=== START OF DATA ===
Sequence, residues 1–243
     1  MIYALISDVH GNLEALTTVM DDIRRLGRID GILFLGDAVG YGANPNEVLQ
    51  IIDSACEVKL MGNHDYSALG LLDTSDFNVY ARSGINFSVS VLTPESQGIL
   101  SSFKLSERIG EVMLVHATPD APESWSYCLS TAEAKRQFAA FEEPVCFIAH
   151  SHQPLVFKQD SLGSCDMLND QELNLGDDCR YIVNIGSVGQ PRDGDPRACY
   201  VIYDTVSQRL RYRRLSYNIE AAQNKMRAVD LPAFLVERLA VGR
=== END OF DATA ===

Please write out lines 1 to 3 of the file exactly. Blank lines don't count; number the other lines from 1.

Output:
Sequence, residues 1–243
     1  MIYALISDVH GNLEALTTVM DDIRRLGRID GILFLGDAVG YGANPNEVLQ
    51  IIDSACEVKL MGNHDYSALG LLDTSDFNVY ARSGINFSVS VLTPESQGIL